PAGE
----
Prominent Lawyer Who Served in Clinton Admin Killed in Horrific Business Jet Accident


A former official in the Clinton and Obama administrations was identified as the passenger killed Friday by air turbulence while flying in a business jet over New England.

Dana Hyde was fatally injured in the accident on board a Bombardier Challenger 300 plane that carried her husband and son, as well as two crew members, The New York Times reported.

The plane was flying from Keene, New Hampshire, to Leesburg, Virginia, but diverted after the incident to a town near Hartford, Connecticut. Hyde was transported to a nearby hospital but was pronounced dead, according to the report.

The Associated Press reported that a medical examiner ruled that Hyde died “from blunt-force injuries.”

Quoting a LinkedIn page that has apparently been removed, the AP said Hyde had been a special assistant to the president for cabinet affairs and a special assistant to the deputy U.S. attorney general during President Bill Clinton’s administration.

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During President Barack Obama’s administration, she was a senior policy adviser at the State Department and associate director at the Office of Management and Budget, according to the site.

She also worked as counsel for the National Commission on Terrorist Attacks Upon the United States, commonly referred to as the 9/11 Commission, the AP reported.

Hyde’s biography on New York’s Columbia University World Projects website described her as “a senior executive with over 25 years of experience in law, public policy, and international development” and said she was “currently a Partner at the venture capital firm JVP.”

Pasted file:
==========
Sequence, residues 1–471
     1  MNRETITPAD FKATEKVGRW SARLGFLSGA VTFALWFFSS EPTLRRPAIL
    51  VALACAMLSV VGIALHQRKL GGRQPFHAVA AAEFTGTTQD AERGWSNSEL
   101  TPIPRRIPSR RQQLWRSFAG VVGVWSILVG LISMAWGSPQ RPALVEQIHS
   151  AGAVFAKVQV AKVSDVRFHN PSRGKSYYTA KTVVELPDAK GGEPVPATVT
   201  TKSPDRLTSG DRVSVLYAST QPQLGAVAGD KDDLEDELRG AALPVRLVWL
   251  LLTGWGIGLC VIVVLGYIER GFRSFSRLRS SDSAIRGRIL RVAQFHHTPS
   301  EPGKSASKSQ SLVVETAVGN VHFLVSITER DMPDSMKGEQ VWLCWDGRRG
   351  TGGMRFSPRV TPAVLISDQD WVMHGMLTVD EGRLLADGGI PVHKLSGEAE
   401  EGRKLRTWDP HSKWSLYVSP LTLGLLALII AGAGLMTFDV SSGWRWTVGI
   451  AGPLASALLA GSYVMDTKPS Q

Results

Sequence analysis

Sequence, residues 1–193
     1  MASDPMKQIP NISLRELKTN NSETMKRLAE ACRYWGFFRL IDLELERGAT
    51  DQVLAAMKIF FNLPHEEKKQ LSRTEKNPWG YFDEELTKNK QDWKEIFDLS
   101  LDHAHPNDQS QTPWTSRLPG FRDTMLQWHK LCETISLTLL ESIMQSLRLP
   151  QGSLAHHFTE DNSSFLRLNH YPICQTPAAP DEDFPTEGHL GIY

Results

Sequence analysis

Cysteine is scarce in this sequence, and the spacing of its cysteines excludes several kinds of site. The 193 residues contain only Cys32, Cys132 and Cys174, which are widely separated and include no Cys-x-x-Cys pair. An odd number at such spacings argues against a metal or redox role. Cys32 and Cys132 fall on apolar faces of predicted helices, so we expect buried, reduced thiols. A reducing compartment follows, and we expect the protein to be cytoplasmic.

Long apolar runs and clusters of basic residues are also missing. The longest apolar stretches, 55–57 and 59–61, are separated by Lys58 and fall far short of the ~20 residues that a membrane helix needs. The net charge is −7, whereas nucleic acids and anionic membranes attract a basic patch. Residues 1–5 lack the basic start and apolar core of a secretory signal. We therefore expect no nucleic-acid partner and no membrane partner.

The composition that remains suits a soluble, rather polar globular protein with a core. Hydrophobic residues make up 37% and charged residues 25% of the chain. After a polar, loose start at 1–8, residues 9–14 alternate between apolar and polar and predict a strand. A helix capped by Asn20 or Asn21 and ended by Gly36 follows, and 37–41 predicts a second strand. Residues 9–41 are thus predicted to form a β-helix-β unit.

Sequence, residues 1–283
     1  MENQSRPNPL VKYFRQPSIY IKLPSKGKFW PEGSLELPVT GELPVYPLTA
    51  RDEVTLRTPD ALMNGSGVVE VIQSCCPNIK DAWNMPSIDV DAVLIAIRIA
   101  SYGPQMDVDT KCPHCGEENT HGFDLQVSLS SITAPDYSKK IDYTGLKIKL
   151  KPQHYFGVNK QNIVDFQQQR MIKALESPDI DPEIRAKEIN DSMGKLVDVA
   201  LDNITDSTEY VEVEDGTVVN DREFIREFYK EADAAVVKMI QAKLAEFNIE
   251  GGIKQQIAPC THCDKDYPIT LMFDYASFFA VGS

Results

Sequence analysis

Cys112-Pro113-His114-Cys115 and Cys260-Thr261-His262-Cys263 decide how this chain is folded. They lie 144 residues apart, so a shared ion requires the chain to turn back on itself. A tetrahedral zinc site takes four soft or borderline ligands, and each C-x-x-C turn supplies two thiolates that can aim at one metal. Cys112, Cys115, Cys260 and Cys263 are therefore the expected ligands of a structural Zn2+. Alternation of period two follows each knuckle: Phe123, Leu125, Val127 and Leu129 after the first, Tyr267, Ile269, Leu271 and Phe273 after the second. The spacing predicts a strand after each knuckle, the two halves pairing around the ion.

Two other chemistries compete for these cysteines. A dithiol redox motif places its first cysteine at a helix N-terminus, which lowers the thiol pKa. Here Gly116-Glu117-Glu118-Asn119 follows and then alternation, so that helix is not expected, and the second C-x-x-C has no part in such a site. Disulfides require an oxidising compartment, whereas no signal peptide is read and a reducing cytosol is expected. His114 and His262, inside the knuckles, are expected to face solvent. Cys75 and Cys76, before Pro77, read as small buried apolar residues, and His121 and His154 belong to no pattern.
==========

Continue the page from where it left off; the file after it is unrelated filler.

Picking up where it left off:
“Earlier in her career Hyde practiced law at WilmerHale in London and in Washington, DC at Zuckerman Spaeder,” according to the biography.

The National Transportation Safety Board has said its investigators are “now looking at a reported trim issue that occurred prior to the inflight upset.”

Skybrary describes trim systems as a “secondary” flight control system. “By definition, to ‘trim’ an aircraft is to adjust the aerodynamic forces on the control surfaces so that the aircraft maintains the set attitude without any control input,” according to the aviation reference site.

NBC News reported that trim problems had previously been reported on the same model of Bombardier aircraft, prompting the Federal Aviation Administration to tell pilots flying that type of aircraft “to take extra pre-flight measures.”

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According to the AP, “The FAA issued its air directive last year after multiple instances in which the horizontal stabilizer on the Bombardier BD-100-1A10 caused the nose of the plane to turn down after the pilot tried to make the aircraft climb.

“The directive, which applied to an estimated 678 aircraft registered in the U.S., called for expanded pre-flight checks of pitch trim and revised cockpit procedures for pilots to be used under certain circumstances.”

A statement from Bombardier expressed sympathy to “those affected by this accident,” AP reported, but added that, “We stand behind our aircraft, which are designed to be robust and reliable in accordance with Transport Canada and all international airworthiness standards.”

The NTSB also said it will analyze information from the flight data recorder and cockpit voice recorder in its investigation.

The jet was owned by Conexon, a company based in Kansas City, Missouri, that specializes in expanding high-speed internet service to rural communities, according to NBC.

A spokeswoman told the news outlet via email that, “We can confirm that the aircraft was owned by Conexon and that Dana Hyde was the wife of Conexon partner Jonathan Chambers. Jonathan and his son were on the flight also and not injured in the incident. “

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Lorri Wickenhauser has worked at news organizations in California and Arizona. She joined The Western Journal in 2021.
Lorri Wickenhauser has worked at news organizations in California and Arizona. She joined The Western Journal in 2021.